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Poverty porn 101: Questions we can ask ourselves

Poverty porn 101: Questions we can ask ourselves

Picture this: A well-known fashion designer from a prominent family is dropping their newest collection—each garment selling for five digits minimum. Before the official release, they post a campaign video (surprise, surprise, there is an actual “campaign” along with it) that gets the damn clout. 

What’s in it? The face of a child in the slums, eating what looks like leftover rice. On launch day, the designer talks about how their struggles “inspired” them to make these pieces—so much that the kid’s face is drawn somewhere on the expensive ass dresses, with words like “hope” and “smiles” plastered on the packaging, too. All proceeds still go to the designer, by the way. 

Now, does that sound “inspiring?”

The term “poverty porn” was initially used to describe marketing strategies that aim to draw pity, guilt and shame. According to CNN, it’s “a tactic used by nonprofits and charity organizations to gain empathy” so they can easily rake in donations—by showing exploitative images of the poor in unpleasant conditions, OFC. So after the pity, guilt and shame come the feelings of “I’m so lucky I’m not in that place” and “I feel so good about myself” after contributing or “helping.” 

And while the official definition of poverty porn is still up for debate especially in the arts scene, there’s a reason why the term was coined in the first place. Though art is subjective, contributing to the exploitation of the poor is another bigger conversation altogether. Being an artist means knowing the responsibilities that come with it, after all.

The conversation is pretty nuanced, but we can try to unpack what constitutes an insensitive artwork a.k.a. sensationalizing the poor’s experiences for personal gain. From paintings to films, here are some questions we can ask ourselves.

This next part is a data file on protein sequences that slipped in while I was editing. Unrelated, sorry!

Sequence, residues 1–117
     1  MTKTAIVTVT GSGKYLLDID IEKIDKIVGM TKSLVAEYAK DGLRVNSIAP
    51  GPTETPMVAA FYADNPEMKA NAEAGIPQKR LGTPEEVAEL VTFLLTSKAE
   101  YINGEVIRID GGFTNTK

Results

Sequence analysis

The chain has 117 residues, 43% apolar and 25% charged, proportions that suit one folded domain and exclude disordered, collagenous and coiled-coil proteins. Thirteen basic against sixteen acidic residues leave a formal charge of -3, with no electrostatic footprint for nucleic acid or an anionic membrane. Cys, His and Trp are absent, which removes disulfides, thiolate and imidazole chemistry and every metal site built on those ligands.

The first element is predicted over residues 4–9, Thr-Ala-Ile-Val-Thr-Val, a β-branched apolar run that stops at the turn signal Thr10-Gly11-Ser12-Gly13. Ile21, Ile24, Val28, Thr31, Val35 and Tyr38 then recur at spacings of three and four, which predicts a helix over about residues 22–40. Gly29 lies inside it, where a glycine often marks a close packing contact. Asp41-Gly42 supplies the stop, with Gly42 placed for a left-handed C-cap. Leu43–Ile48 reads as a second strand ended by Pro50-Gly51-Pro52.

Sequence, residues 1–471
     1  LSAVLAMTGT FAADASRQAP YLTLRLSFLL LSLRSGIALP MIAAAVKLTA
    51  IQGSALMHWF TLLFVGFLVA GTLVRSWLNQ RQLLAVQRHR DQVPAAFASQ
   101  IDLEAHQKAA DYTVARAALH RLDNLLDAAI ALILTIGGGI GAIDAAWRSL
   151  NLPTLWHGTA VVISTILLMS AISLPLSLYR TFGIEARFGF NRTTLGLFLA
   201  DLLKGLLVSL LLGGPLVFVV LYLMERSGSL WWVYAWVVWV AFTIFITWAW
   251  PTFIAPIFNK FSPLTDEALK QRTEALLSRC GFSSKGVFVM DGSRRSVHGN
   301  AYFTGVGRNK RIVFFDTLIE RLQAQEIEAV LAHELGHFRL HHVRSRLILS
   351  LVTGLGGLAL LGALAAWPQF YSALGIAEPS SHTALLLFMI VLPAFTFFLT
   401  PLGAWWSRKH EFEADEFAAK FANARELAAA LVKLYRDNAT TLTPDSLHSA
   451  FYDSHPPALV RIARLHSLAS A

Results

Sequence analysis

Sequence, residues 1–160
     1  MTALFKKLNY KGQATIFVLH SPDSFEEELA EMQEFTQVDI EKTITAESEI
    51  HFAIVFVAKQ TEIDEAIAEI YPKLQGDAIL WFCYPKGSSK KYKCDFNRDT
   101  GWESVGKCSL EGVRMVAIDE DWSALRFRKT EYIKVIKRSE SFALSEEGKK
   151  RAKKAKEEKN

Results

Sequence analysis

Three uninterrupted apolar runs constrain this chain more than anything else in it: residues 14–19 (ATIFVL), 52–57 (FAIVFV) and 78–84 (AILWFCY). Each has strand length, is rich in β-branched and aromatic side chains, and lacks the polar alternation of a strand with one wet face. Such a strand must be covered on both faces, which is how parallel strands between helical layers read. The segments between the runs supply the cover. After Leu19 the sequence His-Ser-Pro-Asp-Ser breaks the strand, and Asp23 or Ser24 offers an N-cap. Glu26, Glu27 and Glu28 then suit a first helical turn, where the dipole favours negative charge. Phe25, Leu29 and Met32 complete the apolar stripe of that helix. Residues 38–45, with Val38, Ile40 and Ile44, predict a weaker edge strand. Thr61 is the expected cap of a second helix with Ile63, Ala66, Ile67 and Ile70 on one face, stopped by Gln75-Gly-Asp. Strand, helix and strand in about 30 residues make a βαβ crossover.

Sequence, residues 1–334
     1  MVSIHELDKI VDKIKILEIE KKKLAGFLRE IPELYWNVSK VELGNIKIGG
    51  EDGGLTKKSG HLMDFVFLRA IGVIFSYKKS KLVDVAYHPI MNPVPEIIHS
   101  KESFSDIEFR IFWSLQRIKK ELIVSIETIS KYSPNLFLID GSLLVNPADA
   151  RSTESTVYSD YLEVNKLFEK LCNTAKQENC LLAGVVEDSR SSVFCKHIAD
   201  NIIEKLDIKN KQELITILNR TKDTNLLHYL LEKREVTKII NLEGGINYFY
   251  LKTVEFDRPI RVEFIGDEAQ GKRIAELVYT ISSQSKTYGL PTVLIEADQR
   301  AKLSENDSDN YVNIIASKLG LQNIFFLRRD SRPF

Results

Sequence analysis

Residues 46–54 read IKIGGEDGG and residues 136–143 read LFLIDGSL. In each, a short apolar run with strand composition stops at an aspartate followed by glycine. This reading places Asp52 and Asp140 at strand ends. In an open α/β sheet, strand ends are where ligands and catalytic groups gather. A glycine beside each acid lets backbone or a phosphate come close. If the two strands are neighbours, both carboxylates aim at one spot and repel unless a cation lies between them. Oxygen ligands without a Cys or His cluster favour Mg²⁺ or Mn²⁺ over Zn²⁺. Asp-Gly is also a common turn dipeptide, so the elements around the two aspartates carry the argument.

Am I using poverty as an aesthetic? 

Is the inclusion of the poor’s image really necessary in my work? Or is the message intact without it? What kinds of emotion am I hoping to elicit from the viewers using my art? 

Poverty porn can often be masked as social realism. But unlike poverty porn, works considered as social realist not only depict the working class and the poor’s experiences but also critique the structures behind these conditions, according to James G. Todd in “Social Realism.”

Who does it empower? Is there a certain savior? 

When the elements come together, is justice given to the poor, or are they mere objects asking for or awaiting some sort of salvation? Is there a juxtaposition happening in the piece that highlights one more than the other? What kind of lens are we looking through?

It’s unfair to use the poor’s image as a motif, especially if it’s not our lived reality. Even so, poverty porn misrepresents the poor. As Huffpost says, poverty has many faces and [has] no simple solution. It also “objectifies its subjects, defining them by their suffering and stripping them of the vital components of all human life—agency, autonomy and unlimited potential.”